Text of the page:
Commentators say Israel is overreacting and giving 600 activists attention they want for planned demonstration at Ben Gurion airport to protest against routine deportation of passengers who openly say they will visit the Palestinian territory.
Israel intensifies security for 'flytilla' airport protests
TEL AVIV // Israel began deploying more than 500 policemen and toughened security at its main airport yesterday as it prepared for possible clashes with the hundreds of activists due to arrive today to demonstrate against its treatment of the Palestinians.
More than 600 activists from the US and European countries, with more than half of them from France, are expected to take part in a demonstration at the airport near Tel Aviv in which they will declare Palestine or the Israeli-occupied West Bank as their destination upon landing in Israel. The activists said their aim is to protest against Israel's routine deportation of flight passengers who arrive in the country and openly say they will visit the Palestinian territory.
As of yesterday, Israel had already deported five activists who had flown in from France and Belgium, and it had handed foreign airlines a list of some 300 more people whom would be denied entry, Israeli media reported without citing a reason for the expulsion.
In Paris, eight pro-Palestinian activists were turned back late yesterday after a request from Israel as they tried to take a flight to Tel Aviv, according to a report.
"Their reservation was cancelled at the request of Israeli authorities who have drawn up a list of undesirable persons," the airport source said, adding that they were turned away when they tried to check in for their flight.
The campaign, officially called "Welcome to Palestine," is also being dubbed by some as the "flytilla", a reference to the flotilla of activists that has intended to sail to Gaza and break Israel's blockade of the tiny enclave, but which has been docked in Greek ports after Greece barred it last week from leaving.
Israel's frantic preparations are an indication that the country is concerned with facing unexpected violence that may spur a confrontation with its security forces and possible casualties.
Just this week, Israeli media quoted from two United Nations reports that have yet to be published and that condemn Israel for using excessive force in its handling of last year's raid on a Turkish-flagged ship headed to Gaza as well as the May 15 demonstration of Palestinian refugees on the Israeli-Lebanese border.
Israeli police officials were quoted yesterday as pledging to expel all the participants of the protest once they arrive, regardless of their ages or nationalities. Israel appeared to spare no resources on suppressing the demonstration, setting up a special command centre at the airport that was occupied by police commanders and officials from the intelligence services, the interior and foreign ministries and immigration authorities. Additionally, local courts were ordered to increase the number of judges on duty over the weekend that would be able to handle a possibly large number of activists' detentions.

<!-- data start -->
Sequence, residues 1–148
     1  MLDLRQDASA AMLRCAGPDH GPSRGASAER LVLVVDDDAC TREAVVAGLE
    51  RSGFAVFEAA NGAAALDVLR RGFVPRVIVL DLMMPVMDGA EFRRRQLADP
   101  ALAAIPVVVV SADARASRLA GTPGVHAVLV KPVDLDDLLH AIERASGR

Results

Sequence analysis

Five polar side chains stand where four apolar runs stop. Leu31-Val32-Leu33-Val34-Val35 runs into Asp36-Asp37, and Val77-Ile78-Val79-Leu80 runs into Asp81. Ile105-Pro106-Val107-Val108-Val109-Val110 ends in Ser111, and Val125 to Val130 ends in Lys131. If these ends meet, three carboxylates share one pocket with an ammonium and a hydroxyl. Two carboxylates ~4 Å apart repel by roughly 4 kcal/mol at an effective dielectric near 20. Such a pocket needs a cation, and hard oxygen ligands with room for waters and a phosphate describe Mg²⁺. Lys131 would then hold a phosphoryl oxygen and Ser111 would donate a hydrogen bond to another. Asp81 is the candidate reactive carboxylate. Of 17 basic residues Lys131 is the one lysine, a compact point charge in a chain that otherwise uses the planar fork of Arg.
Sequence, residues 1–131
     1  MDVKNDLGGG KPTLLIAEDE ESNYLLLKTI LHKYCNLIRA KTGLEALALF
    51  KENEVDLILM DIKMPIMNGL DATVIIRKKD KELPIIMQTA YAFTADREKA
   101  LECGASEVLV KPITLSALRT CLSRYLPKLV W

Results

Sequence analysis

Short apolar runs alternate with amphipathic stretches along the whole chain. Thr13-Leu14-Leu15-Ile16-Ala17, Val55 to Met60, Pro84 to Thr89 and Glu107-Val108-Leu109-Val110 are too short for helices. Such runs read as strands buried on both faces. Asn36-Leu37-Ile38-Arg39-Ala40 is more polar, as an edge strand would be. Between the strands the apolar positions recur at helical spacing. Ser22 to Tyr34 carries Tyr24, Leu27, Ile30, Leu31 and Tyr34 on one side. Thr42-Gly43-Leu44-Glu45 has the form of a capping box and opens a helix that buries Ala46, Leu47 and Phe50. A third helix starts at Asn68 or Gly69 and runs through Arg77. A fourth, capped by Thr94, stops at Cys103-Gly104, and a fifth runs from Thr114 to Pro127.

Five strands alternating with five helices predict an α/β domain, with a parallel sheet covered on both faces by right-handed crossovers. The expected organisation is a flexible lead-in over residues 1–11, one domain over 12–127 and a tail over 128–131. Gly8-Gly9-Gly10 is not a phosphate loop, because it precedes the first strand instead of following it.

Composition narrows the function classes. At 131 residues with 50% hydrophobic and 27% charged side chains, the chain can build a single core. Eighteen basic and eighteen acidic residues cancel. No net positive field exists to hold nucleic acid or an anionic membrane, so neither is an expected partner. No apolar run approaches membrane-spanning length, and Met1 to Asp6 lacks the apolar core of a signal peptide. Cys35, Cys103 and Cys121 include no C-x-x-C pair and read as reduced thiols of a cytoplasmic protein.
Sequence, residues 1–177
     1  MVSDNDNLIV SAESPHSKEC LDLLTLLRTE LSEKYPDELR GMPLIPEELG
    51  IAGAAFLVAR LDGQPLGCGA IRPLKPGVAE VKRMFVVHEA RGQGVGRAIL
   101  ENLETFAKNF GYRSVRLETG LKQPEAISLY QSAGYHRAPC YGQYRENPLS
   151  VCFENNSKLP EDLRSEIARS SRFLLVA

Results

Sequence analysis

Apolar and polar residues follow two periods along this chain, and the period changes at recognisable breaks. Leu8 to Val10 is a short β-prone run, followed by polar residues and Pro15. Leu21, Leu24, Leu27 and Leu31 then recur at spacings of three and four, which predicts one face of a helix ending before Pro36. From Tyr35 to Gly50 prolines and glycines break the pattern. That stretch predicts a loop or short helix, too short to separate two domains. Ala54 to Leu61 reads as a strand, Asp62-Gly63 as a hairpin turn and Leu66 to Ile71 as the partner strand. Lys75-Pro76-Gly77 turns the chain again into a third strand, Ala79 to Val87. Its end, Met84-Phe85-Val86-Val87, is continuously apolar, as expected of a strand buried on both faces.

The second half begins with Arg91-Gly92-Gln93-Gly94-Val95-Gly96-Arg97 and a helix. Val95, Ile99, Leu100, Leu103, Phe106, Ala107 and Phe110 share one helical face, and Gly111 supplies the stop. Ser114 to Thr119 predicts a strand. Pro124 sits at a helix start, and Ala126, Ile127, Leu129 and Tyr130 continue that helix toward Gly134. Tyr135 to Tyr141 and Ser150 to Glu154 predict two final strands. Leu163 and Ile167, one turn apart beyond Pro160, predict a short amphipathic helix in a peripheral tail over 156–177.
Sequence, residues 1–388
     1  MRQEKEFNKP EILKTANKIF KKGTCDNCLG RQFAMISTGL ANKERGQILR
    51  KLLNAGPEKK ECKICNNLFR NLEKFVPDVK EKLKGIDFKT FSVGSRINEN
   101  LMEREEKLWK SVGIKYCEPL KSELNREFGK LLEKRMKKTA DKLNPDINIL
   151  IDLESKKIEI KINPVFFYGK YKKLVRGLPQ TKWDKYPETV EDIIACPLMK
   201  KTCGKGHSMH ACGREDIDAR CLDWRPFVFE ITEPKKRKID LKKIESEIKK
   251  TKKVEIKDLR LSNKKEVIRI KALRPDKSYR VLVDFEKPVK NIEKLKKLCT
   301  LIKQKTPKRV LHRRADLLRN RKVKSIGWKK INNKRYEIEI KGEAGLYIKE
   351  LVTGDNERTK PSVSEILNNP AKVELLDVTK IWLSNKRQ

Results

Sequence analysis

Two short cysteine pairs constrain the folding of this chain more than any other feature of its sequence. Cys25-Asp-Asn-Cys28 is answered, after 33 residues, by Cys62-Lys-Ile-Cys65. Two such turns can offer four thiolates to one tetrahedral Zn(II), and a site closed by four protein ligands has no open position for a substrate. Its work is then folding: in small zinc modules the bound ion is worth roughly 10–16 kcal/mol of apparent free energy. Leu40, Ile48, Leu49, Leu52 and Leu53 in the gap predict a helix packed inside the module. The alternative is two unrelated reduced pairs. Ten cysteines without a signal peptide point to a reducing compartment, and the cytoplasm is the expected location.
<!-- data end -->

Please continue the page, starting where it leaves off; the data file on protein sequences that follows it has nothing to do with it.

The government had also requested that foreign airlines present their passenger lists to Israel's Shin Bet internal security agency, and Israeli security personnel at European airports were instructed to report "suspicious-looking people," according to a report in the liberal Haaretz newspaper.
The report also said Israel was considering shifting arriving airplanes expected to include a large group of the protest's participants to a separate terminal and have them undergo more stringent security screenings.
Furthermore, a large number of the deployed police were instructed to dress in civilian clothes and avoid carrying weapons in the case that demonstrators would try to "provoke" them to use violence and then record it on mobile phones or video cameras to distribute over the internet, the Haaretz report said.
Some unidentified security officials told the newspaper that preparations were also in order for disaster scenerios such as if protesters try to set themselves on fire or attack Israeli passengers on their flights. Some commentators yesterday charged that Israel was overreacting to the so-called Flytilla and thereby drawing the activists the attention they had wanted for their cause. The headline on Yediot Ahronot, the country's best-selling newspaper, read: "We have gone off the rails."
Gideon Levy, a prominent commentator for Haaretz, cynically wrote in a front-page column that Israel was preparing for the airport event as if it was "the next existential threat." He added: "Israel is losing its senses … in its hysterical response, Israel is the one that is increasing the magnitude of this protest. Few people would have paid any attention to the demonstration had Israel not taken all the security precautions against it."
Lihi Rothschild, a left-wing Israeli activist who helped organise the demonstration, told the popular Ynet news Web site: "The only act of protest that these people plan to carry out is to say 'we came to visit Palestine,' but the state of Israel is preparing for it as if it were a declaration of war."
Activists and their supporters also told Israeli radio stations and newspapers in interviews that they were surprised by Israel's response to their campaign and pleased that it had attracted media attention.
Sergio Yahni, who helps run the Jerusalem-based Alternative Information Centre, which promotes Palestinian rights, told Ynet: "We have to thank Netanyahu. We would not have gotten so much attention even if we had spent thousands of shekels on hiring a public relations expert."